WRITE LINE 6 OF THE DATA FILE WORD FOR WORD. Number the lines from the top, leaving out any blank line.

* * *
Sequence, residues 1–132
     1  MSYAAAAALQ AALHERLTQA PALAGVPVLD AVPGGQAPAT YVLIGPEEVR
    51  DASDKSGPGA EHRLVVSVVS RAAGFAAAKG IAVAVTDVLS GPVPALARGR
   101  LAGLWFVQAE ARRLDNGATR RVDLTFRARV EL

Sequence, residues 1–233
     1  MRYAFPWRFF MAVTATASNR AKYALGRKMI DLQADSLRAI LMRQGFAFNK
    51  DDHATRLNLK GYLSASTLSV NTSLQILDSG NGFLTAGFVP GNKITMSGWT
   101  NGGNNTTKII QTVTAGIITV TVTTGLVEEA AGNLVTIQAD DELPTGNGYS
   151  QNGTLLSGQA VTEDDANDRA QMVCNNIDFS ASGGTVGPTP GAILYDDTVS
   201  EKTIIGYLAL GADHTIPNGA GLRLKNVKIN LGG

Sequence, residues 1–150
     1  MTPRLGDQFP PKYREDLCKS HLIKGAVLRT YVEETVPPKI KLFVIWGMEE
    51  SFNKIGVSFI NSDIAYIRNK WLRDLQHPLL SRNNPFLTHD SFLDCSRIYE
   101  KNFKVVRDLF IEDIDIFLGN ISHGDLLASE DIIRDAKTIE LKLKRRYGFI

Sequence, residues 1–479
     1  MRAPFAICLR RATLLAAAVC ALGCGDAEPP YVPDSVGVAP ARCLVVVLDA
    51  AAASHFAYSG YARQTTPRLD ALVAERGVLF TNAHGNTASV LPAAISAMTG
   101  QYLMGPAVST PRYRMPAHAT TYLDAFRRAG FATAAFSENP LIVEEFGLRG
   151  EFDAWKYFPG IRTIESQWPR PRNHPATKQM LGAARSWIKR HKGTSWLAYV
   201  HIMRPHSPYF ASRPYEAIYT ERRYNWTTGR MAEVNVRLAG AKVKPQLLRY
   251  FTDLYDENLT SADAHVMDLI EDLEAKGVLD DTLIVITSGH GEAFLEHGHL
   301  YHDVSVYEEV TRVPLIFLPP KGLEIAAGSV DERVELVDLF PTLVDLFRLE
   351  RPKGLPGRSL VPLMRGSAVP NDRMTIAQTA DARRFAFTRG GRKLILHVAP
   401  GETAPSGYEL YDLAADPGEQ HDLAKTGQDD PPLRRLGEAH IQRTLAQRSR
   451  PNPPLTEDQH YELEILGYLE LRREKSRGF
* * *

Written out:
     1  MRYAFPWRFF MAVTATASNR AKYALGRKMI DLQADSLRAI LMRQGFAFNK